"Challenges become opportunities when Pip deals with them," she says. "I often think that in another person's hands it could have gone terribly awry, but Pip was able to take on this massive task of changing all the university's academic policies that needed to happen for the Melbourne Model and do so in a calm, methodical, systematic way. "
The other big change at Melbourne in the past decade was the merger of the Victorian College of the Arts and the faculty of music, creating the Victorian College of Arts and Music. Elliott says Pattison was a key driver of that merger.
"Her major role… bringing them together into one, was a very challenging role for all sorts of reasons. I think her knowledge of interactions and how to put networks together to create an effective and cohesive network, I'm sure is informed by her research," she says.
But the whole time, she has continued to contribute to the university's social networks research program. Colleague Garry Robins says her input is vital to the work of the research team and she is still an active participant.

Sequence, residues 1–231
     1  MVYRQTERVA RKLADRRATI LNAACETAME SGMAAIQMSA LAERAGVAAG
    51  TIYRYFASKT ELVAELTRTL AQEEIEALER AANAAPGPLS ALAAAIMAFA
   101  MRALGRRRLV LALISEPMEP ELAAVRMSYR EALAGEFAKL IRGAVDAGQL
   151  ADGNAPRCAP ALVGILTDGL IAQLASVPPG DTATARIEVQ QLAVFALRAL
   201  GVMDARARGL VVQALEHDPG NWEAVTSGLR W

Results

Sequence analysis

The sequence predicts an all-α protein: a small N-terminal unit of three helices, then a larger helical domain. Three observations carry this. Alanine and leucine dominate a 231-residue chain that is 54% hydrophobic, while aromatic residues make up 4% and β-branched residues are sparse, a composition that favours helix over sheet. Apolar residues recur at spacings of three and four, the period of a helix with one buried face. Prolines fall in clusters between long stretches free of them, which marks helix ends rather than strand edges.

"She's always been very dedicated and she's always brought a lot of careful thought to what she does… a lot of creative mathematical thought. She comes up with some very good and novel ideas," he says.
Robins, who has worked with Pattison since she transitioned from algebraic modelling to statistical modelling, says her point of view is always refreshing.
Although the two have worked together only for the past 15 years or so, Robins says he has known Pattison for decades and that she achieved international recognition from early in her career.